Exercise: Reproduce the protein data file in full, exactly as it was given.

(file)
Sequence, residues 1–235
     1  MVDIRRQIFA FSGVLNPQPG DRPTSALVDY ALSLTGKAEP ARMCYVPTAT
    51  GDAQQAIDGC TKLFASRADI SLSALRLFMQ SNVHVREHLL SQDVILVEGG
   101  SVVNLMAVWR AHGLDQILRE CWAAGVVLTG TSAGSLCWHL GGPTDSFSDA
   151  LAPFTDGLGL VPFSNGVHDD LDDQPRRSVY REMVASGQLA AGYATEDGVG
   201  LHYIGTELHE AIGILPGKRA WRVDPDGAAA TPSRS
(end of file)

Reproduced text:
Sequence, residues 1–235
     1  MVDIRRQIFA FSGVLNPQPG DRPTSALVDY ALSLTGKAEP ARMCYVPTAT
    51  GDAQQAIDGC TKLFASRADI SLSALRLFMQ SNVHVREHLL SQDVILVEGG
   101  SVVNLMAVWR AHGLDQILRE CWAAGVVLTG TSAGSLCWHL GGPTDSFSDA
   151  LAPFTDGLGL VPFSNGVHDD LDDQPRRSVY REMVASGQLA AGYATEDGVG
   201  LHYIGTELHE AIGILPGKRA WRVDPDGAAA TPSRS